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Would-be bomber sentenced in Chicago sting

CHICAGO -- A young Lebanese immigrant was sentenced Thursday to 23 years in prison for placing a backpack he believed contained a powerful bomb along a bustling city street near the Chicago Cubs' baseball stadium.

Sami Samir Hassoun's sentencing in federal court in Chicago came little more than a month after bombs concealed in backpacks exploded at the Boston Marathon, killing three people and wounding hundreds more.

In imposing the sentence, the judge invoked the specter of the Boston Marathon, saying had Hassoun's bomb been real, it would have made Boston look like a minor incident by comparison.

Minutes before, Hassoun, a 25-year-old onetime Chicago baker and candy-store worker, apologized for what he'd done in a five-minute statement. Crying, he also turned to look at his mother and several friends on a nearby bench and told them he was sorry "for the shame I brought on you."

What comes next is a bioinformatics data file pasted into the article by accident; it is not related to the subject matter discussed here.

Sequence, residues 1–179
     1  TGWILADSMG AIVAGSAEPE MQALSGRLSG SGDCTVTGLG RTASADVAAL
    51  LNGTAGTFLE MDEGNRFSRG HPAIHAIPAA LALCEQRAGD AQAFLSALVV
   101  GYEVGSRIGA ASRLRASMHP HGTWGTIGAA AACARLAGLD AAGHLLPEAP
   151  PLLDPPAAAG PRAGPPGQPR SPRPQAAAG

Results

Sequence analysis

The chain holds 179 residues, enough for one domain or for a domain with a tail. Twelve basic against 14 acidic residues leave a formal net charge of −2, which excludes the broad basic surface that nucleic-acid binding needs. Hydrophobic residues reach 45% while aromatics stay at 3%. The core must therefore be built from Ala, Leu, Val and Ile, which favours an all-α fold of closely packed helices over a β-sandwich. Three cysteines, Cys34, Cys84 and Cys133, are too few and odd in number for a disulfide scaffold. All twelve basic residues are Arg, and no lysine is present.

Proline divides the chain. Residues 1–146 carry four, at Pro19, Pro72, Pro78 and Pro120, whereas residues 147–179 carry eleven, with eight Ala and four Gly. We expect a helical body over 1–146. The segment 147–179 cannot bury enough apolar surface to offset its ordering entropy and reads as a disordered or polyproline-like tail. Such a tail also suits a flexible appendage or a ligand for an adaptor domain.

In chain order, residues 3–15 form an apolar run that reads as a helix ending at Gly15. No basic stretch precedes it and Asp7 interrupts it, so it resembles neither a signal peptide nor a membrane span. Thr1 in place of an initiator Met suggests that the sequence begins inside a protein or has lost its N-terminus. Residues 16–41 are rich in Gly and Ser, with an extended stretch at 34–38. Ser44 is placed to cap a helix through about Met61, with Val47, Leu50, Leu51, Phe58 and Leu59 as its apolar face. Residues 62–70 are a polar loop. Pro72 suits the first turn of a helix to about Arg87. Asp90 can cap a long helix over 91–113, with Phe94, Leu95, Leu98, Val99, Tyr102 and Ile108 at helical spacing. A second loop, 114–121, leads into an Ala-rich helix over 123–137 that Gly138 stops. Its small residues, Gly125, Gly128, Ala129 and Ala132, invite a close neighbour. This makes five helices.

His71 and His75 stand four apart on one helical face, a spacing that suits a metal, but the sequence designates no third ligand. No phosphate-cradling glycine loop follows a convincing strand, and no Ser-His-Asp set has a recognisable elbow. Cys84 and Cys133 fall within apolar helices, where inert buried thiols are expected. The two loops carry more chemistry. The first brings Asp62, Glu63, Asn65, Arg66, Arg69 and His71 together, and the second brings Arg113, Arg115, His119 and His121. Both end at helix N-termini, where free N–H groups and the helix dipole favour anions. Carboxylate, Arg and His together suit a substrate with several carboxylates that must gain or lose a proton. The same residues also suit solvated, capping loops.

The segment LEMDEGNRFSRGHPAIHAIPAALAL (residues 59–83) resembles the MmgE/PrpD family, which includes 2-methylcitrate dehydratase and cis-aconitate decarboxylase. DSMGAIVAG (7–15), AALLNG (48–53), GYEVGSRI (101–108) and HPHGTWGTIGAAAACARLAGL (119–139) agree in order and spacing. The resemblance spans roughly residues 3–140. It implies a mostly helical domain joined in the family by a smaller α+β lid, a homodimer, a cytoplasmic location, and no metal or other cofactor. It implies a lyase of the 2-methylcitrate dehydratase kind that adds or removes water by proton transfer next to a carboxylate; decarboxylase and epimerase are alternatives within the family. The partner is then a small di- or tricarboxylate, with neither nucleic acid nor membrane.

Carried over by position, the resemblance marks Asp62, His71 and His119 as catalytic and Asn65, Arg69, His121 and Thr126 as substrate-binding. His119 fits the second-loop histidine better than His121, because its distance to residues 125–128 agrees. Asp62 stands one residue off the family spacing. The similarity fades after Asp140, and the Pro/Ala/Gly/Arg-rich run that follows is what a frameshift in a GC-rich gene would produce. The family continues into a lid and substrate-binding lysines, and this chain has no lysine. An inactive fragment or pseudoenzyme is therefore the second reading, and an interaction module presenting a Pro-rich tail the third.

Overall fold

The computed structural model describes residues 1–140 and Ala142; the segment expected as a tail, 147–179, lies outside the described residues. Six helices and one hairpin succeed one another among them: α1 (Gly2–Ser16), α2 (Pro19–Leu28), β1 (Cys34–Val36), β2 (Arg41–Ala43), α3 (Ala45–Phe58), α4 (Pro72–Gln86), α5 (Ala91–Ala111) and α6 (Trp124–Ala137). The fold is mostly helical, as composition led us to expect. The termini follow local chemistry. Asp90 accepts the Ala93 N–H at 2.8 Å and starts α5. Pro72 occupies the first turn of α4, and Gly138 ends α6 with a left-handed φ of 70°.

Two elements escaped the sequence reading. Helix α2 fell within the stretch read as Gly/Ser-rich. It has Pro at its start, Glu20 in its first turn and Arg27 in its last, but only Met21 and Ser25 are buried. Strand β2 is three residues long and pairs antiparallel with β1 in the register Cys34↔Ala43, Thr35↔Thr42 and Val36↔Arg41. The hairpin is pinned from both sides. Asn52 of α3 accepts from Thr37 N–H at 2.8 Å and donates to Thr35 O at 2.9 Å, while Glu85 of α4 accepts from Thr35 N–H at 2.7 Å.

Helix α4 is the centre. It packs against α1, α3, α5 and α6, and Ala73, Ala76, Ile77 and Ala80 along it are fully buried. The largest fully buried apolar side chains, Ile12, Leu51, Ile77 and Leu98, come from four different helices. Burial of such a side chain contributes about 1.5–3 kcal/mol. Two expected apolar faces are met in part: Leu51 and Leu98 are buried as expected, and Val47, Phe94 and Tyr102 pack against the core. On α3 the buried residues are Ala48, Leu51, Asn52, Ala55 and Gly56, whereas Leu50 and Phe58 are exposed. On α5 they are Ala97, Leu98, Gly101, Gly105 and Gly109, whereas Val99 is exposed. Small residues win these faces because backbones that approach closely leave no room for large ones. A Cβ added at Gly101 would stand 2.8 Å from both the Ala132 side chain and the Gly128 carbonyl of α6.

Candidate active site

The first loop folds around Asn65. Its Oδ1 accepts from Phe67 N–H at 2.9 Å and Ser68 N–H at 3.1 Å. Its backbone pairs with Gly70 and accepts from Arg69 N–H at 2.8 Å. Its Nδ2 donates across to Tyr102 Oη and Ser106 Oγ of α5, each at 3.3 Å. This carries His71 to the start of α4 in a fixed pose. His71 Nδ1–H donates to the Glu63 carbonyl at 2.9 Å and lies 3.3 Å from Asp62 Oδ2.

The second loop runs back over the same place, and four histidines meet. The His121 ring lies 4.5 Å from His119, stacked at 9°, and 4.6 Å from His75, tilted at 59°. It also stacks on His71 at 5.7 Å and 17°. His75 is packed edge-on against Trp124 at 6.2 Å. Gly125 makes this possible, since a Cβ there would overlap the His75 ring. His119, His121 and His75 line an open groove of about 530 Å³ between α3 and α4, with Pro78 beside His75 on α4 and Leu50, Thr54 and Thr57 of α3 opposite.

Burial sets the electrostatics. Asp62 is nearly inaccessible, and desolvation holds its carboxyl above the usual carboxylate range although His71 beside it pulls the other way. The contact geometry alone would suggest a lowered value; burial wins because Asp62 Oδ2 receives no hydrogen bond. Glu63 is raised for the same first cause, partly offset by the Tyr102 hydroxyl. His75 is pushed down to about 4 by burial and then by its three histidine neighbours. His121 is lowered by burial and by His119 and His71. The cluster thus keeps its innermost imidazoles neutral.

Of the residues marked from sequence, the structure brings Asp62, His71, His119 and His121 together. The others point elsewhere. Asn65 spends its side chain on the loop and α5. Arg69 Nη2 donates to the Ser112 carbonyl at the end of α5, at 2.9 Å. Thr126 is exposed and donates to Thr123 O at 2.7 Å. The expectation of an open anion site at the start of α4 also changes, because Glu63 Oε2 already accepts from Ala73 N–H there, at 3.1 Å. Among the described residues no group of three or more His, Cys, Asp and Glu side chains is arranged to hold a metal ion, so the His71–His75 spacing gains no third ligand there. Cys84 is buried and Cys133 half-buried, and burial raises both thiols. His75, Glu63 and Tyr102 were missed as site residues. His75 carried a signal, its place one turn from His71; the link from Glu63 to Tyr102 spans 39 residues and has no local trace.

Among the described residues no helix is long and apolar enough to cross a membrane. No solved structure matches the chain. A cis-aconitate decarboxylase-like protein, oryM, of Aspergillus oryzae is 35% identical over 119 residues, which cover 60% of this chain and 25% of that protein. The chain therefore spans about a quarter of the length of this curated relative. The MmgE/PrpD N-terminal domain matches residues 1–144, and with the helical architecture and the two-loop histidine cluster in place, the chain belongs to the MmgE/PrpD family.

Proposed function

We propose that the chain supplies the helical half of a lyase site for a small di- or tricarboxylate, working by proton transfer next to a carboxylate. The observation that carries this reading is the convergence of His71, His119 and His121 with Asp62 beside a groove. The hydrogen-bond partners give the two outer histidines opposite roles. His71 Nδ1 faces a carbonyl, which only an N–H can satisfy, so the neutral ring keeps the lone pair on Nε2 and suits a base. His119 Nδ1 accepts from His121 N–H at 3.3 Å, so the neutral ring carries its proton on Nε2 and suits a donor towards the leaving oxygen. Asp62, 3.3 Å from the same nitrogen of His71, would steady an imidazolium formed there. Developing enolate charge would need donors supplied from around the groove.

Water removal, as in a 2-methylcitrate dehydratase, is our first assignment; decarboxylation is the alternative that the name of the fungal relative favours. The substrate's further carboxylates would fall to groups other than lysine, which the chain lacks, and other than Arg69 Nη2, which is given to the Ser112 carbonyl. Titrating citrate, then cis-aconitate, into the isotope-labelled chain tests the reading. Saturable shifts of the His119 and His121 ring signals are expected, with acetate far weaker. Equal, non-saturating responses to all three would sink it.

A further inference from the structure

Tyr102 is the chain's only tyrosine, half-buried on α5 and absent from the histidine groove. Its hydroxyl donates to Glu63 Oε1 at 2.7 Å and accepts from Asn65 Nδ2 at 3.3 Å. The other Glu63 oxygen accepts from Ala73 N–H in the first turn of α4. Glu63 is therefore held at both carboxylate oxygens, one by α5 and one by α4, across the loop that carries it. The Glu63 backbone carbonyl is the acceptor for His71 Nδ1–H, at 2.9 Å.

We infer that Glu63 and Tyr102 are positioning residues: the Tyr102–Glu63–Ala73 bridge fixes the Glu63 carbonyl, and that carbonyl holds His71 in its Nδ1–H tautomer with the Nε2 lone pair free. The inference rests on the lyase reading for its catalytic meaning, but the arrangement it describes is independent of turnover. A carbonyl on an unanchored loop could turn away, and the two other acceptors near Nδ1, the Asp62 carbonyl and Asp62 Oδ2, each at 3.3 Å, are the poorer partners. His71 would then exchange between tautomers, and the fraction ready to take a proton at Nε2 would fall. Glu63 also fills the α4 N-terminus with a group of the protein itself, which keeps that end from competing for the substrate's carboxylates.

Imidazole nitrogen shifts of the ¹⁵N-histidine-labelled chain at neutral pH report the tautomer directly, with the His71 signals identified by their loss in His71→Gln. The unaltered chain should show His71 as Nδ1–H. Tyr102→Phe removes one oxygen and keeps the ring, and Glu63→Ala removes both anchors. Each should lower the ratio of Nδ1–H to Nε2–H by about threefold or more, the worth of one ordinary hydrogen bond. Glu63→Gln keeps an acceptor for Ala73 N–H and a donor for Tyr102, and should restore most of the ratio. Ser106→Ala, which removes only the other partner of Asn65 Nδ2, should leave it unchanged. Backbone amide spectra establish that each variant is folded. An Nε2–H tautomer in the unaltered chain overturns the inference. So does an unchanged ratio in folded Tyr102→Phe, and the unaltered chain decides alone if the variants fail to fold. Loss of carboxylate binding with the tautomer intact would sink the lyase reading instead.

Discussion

His mother sobbed aloud and said to her son: "I love you."

The defense has depicted Hassoun as a uniquely gullible youth sucked into the 2010 terrorism sting during an alcohol-addled stretch of his life by an informant eager to please his FBI handlers.

But prosecutors say he showed enthusiasm and initiative, including by deciding to drop the device given to him by undercover agents into a trash bin near Wrigley Field and a bar packed with late-night revelers.

As part of a plea deal with the government, Hassoun pleaded guilty last year to two explosives counts. In return, he faced a sentencing range of 20 to 30 years, rather than a maximum term of life in prison.

At yesterday's hearing, government attorneys displayed the fake bomb undercover agents gave to Hassoun on a September weekend in 2010. It's a paint can fitted with blasting caps and a timer.

They also played a surveillance video of Hassoun dropping the device into a trash bin near the stadium shortly after receiving it. FBI agents arrested him moments later.

Before yesterday's sentencing, Hassoun apologized in a seven-page letter to his sentencing judge, Robert Gettleman. He also insisted he's worked hard at becoming a better person, including by doing yoga in jail.

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